Monday, 1 November 2010

Church Imbalance

I ought to preface this post as it has the potential to chuff some well-meaning people off - and that is to remind you, dear readers, that I am regarded as one of the church's younger priests at a mere 38. I also love almost just about everybody everywhere. Hold that in your minds, please ...

I have touched on this before, but it has risen to the top of the Cloakey Attention Top Ten once again - and that is the church's desperate appetite to enter into a love affair with 'youth'. The Church Times had a feature just this very week of some lovely folk who work with that amorphous blob of social demographic - youth. I must say here that they are good people doing very valuable work, end of. Then I look at the job ads as is my wont these days and so many of the vacancies seek someone who 'connect with young people'. Again, laudable in its place. 

Speaking as one who has worked with Amorphous Yoof, and as someone who is still in his thirties and therefore still acquainted with his memories of being a member of Amorphous Yoof, I wonder why it is we hunt this specific age group like ecclesial stalkers. The time, effort, person-power and ad-space that is devoted to the 12-18s is considerable, but I would contend - imbalanced.

It seems to me that teenagers, on the whole, just don't really want to go to a church (go on admit it, it isn't a heresy). They seem to want to be teenagers with their teenage wants and needs, a circle of non-church friends, sport, doing the responsible  thing and getting a weekend job, girls/boys, sleep, music and then the biggy, getting to know themselves and all that that entails. These things demand time and I felt minded to offer it to those rites of passage when I was that age. For me, I fitted church in fairly well, but it was often the first thing I felt able to dump if the need arose.

Ads and articles concerning youth workers have this implicit sense that Amorphous Yoof needs fixing, changing, bringing 'home' (converting) - and indeed the very good article from the CTimes seems to mirror that in its strap-lines: 'I saved this Yoof from this calamity or that calamity'. I worry that the premis of such work is utterly bound up in 'saving' kids and then reeling them in. I didn't need saving and I had my fair share of scrapes; neither did my friends and they had their scrapes. Neither did the large majority from my large secondary school, though of course there are always exceptions. The very very very large majority of teenagers are not (thank God) suicidal abused crack addict single parents with a cleptomania, hoody and over-sexualised life to support.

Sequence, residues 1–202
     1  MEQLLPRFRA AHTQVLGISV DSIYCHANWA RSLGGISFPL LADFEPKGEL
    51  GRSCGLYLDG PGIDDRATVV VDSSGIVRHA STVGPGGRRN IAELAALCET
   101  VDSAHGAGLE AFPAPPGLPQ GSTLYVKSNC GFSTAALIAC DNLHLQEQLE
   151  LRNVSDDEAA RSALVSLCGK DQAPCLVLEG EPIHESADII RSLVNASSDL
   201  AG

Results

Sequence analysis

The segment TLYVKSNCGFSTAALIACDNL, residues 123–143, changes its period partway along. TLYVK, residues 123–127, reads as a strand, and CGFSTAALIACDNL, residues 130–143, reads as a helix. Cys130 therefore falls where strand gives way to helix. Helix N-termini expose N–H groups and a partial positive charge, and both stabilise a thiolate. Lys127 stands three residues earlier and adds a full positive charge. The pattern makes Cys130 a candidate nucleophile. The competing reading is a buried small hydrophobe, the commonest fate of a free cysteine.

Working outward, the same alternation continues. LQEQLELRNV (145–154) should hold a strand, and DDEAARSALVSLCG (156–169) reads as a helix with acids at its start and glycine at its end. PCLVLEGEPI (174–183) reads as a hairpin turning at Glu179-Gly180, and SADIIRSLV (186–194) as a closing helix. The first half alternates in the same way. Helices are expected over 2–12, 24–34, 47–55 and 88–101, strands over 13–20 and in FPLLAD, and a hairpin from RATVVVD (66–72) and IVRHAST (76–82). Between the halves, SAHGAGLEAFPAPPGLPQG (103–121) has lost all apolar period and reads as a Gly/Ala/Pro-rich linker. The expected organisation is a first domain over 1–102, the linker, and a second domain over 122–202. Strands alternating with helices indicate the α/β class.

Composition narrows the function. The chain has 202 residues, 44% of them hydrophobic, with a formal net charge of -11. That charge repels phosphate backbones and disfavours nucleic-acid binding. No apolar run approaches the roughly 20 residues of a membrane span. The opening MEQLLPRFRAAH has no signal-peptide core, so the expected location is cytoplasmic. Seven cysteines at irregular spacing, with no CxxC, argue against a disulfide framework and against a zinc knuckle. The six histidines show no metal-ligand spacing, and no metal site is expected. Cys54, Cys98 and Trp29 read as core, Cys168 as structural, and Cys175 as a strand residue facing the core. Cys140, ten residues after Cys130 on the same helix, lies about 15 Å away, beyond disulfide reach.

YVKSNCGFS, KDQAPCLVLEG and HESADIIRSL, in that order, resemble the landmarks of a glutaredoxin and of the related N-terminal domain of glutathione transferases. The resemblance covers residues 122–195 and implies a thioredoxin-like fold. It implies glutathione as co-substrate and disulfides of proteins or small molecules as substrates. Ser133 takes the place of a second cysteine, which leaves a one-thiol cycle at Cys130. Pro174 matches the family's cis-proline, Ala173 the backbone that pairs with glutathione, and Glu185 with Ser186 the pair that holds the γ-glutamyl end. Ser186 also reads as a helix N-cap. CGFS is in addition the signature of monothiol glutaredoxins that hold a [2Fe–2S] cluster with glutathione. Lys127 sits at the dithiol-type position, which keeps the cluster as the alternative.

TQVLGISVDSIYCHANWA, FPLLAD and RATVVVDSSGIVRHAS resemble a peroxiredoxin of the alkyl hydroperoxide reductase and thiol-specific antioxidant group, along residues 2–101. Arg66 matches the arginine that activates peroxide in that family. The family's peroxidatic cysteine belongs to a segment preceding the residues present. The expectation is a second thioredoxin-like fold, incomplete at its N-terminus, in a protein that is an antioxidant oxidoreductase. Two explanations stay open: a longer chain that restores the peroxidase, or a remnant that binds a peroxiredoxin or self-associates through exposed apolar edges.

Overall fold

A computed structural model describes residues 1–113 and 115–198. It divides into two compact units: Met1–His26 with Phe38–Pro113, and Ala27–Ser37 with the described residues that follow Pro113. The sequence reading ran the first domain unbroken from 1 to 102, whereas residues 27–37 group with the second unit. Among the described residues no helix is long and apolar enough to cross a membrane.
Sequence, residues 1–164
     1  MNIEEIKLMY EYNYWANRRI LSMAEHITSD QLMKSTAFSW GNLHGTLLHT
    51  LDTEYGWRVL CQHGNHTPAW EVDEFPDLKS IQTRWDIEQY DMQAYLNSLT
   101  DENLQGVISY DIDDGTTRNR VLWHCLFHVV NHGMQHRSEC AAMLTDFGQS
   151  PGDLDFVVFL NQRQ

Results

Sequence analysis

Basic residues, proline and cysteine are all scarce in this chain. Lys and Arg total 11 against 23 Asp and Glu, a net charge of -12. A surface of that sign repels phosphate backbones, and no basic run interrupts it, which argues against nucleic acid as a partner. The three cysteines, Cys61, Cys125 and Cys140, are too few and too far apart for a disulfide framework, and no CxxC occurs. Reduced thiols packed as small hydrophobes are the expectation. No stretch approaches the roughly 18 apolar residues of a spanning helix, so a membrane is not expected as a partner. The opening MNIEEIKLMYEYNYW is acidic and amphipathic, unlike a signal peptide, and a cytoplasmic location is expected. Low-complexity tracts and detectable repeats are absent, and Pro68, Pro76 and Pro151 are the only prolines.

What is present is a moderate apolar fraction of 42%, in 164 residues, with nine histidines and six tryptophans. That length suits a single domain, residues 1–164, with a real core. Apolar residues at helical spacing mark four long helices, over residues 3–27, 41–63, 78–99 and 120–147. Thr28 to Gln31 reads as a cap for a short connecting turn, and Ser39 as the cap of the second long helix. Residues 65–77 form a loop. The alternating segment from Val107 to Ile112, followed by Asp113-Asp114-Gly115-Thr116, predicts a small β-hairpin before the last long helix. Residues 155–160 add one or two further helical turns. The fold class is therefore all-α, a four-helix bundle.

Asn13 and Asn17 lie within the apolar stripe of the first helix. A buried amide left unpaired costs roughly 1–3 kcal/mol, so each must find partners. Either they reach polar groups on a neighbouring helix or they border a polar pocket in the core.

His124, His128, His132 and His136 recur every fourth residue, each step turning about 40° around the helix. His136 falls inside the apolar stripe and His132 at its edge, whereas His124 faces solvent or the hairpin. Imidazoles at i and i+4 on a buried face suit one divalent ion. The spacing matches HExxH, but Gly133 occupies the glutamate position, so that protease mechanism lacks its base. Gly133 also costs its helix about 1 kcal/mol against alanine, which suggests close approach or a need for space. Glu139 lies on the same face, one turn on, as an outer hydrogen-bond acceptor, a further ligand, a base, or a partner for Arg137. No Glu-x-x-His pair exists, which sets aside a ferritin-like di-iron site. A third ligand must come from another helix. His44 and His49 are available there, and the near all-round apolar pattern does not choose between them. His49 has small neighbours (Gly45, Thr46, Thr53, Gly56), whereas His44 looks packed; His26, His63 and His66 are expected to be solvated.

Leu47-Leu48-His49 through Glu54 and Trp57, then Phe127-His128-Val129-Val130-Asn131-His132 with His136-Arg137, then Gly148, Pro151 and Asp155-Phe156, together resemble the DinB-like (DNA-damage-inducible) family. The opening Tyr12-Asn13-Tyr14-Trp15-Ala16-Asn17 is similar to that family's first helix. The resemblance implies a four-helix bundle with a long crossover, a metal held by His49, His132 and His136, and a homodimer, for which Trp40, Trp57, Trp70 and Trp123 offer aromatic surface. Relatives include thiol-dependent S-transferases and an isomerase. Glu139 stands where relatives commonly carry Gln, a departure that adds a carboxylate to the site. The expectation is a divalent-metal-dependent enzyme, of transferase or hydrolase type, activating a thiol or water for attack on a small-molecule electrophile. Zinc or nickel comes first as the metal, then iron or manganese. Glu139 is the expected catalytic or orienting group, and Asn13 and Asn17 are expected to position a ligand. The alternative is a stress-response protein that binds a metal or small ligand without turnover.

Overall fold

I see very little written about those who work with toddlers and their families (and even simple marketing prowess will tell you that if you get the toddlers you will get their parents, if 'getting' is your bag). I see very little written about those who work with the 30-50 age group, or the 65 and overs. Of the latter, if column inches were allocated to numbers of church goers per age, then we would hear little else - and perhaps rightly so. I have seen no job ads looking for priests to engage with the absent males, for example. I have to be honest, I just don't understand this church mono-passion with Amorphous Yoof, and I think they themselves would share my point of view - they want to be left alone in my experience, to make their choices on their own terms, iPods on. All the while, our pensioners are saying 'what about us, we count' and the 30-50s are barely audible on the basis of simple lack of numbers.